Hitcher - Simon Armitage Notes

Summary of Simon Armitage's poem Hitcher

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Notes on Hitcher
Hitcher like a number of other poems in the anthology such as Salome, Havisham and the
Laboratory is told as a first person narrative. It is a dramatic monologue. In this poem the narrator is a
stressed employee who has been threatened with the sack if he doesn't get into work. For some reason he
has left his hired Vauxhall Astra somewhere away from home and ironically (considering what he does
later!) has to hitch a ride to pick it up.
When he's picked the car up he begins his journey and he picks up a hitchhiker. This is where
things take a dramatic turn for the worse. The hitcher explains to the narrator how he lives a free and
easy life, `with just a toothbrush and the good earth for a bed.' This obviously contrasts with the stress
the narrator feels and triggers a violent reaction. Maybe he resents both his lifestyle and the way he is
freeloading. He describes how he `let him have it' and smashed him in the face `six times with the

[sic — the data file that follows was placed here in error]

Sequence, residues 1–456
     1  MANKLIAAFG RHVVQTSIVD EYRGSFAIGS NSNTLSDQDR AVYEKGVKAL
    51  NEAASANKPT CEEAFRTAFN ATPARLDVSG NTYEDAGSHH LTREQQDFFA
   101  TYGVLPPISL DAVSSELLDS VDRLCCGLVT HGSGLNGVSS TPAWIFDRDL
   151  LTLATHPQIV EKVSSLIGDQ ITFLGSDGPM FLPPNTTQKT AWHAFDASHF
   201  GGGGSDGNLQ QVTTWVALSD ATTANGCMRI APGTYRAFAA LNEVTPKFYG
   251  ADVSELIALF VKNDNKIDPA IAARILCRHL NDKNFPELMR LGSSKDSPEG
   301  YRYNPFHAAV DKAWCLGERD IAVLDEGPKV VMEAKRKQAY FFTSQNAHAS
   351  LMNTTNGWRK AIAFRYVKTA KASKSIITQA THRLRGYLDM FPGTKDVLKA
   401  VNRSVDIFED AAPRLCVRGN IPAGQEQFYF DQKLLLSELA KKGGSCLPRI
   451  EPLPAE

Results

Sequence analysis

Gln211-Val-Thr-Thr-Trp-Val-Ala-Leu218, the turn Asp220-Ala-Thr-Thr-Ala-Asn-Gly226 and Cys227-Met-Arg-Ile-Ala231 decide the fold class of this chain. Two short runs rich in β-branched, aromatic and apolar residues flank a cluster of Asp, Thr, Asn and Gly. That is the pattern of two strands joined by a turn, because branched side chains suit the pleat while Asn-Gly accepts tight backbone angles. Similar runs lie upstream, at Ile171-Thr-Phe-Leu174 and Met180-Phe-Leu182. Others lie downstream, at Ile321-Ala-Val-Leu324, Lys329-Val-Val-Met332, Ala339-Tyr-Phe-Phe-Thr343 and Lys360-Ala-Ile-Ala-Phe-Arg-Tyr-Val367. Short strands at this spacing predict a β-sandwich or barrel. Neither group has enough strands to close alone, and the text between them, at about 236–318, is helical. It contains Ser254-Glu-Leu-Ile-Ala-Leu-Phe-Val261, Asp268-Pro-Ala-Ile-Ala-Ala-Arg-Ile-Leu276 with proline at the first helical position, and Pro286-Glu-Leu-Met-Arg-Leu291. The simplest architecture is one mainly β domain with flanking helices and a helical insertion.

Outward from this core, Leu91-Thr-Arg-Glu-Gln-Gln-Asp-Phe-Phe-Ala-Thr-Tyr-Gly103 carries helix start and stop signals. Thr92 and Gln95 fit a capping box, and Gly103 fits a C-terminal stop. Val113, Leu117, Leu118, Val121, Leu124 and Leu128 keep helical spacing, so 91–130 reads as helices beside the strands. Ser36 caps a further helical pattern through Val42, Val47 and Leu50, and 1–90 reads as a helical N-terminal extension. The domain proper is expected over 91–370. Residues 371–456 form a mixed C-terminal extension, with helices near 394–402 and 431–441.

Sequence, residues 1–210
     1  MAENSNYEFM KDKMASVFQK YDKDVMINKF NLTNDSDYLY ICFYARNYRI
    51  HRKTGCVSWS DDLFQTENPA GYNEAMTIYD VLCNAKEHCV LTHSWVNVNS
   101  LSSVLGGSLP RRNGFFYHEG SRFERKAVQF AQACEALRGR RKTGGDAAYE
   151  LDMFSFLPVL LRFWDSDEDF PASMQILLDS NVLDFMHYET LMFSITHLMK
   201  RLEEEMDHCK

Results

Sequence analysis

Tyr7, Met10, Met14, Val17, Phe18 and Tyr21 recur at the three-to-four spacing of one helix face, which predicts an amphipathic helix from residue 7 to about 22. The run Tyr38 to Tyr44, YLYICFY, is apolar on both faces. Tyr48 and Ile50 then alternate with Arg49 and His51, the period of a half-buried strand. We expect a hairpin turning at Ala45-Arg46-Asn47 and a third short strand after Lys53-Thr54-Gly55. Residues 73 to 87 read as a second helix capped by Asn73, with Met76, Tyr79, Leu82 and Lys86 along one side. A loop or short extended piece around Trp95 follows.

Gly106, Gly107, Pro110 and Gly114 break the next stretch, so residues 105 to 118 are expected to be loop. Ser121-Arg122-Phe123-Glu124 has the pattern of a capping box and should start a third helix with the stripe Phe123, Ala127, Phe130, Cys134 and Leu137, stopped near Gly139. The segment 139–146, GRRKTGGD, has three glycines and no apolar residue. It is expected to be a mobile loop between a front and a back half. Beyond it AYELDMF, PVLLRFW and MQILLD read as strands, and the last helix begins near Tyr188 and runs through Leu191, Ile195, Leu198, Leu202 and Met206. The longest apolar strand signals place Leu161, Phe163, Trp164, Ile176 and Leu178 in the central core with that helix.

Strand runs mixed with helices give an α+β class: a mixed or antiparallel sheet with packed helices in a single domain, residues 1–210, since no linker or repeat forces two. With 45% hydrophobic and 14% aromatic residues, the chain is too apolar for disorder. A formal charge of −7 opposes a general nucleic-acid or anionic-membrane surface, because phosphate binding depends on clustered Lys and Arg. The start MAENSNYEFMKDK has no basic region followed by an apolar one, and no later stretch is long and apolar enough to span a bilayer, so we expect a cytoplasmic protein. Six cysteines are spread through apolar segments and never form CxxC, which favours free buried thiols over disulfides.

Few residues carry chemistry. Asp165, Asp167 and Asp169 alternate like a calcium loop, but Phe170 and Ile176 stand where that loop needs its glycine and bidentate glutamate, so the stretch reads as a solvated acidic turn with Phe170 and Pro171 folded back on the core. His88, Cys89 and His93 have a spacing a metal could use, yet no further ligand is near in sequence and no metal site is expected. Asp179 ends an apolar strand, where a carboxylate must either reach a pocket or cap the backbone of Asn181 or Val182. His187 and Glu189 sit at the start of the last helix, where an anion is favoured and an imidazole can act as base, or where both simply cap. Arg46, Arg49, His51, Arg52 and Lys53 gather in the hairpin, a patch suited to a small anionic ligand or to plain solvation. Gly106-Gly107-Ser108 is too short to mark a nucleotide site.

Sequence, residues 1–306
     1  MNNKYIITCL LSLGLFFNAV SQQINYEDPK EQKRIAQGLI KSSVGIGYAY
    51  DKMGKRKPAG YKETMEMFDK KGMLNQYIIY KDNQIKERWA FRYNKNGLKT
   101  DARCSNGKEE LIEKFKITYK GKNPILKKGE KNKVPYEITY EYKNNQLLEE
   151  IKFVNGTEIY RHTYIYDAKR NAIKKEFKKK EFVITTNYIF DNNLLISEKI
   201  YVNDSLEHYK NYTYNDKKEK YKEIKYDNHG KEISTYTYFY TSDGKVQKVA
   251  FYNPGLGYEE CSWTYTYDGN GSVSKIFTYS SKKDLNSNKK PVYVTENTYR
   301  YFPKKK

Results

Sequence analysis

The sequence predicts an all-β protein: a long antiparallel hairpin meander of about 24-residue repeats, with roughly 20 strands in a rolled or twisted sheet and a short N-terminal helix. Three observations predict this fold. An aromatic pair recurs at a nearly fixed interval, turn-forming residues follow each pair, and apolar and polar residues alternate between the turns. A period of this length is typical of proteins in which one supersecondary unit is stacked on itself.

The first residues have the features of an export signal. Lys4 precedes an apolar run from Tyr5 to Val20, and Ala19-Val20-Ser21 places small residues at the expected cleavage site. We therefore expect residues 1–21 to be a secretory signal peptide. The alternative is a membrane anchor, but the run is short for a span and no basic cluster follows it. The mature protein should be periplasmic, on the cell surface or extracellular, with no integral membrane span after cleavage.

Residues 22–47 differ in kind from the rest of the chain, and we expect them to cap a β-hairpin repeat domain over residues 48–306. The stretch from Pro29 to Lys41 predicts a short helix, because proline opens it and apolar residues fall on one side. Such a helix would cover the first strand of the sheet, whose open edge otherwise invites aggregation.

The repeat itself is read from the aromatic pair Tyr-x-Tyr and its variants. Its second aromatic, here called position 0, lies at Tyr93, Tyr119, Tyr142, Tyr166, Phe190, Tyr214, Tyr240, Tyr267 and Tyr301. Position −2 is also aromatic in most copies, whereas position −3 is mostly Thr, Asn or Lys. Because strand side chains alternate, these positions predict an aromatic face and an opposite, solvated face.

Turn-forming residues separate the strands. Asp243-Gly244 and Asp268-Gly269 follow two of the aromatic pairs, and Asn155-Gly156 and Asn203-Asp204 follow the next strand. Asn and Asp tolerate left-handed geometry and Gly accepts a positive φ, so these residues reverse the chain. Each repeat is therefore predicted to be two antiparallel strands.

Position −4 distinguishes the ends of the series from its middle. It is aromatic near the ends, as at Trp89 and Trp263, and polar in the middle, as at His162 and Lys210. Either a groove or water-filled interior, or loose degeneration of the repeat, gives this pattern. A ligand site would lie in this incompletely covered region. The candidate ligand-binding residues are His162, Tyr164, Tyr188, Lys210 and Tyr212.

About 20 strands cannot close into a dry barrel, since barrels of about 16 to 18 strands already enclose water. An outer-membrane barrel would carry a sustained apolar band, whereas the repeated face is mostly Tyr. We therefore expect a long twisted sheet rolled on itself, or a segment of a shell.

krooklok' (a device for locking the steering wheel on a car). The fact that he can be so precise about
how many times he hit him makes it all the more chilling. He is even proud that he `didn't even swerve'.
The narrator then explains how he changed gear and pushed the hitcher out, callously watching
him `bouncing off the kerb.' He doesn't seem in the slightest bit concerned about what he has done as he
then mentions the time, (twelve noon) and that the weather forecast was `moderate to fair'. To compound
this chilling portrait he even makes a joke at the end.
Aside from being a first person narrative one of the language features of this poem is the use of
colloquialisms and cliché. The narrator uses everyday words such as `stitch that', `I dropped it into third,'
`I thumbed a lift' whilst the hitcher talks in clichés saying how the `truth is blowing in the wind' and `he
follows the sun from east to west. This reinforces the idea of the narrator being just an ordinary man
and the hitcher being a hippy.
So what is the poem about under the surface? Armitage has said that really the narrator and
hitcher are two sides of the same person, himself, as he says they were the same age `give or take a week'.
The narrator represents the world of business and commerce, which Armitage rejected, and the hippy
represents the artistic world, which Armitage embraced. He then goes on to show that business puts little
value on the arts and metaphorically beats it up all the time.
Poems to compare it with include The Man he Killed, Education for Leisure and The Laboratory
which all deal with death.


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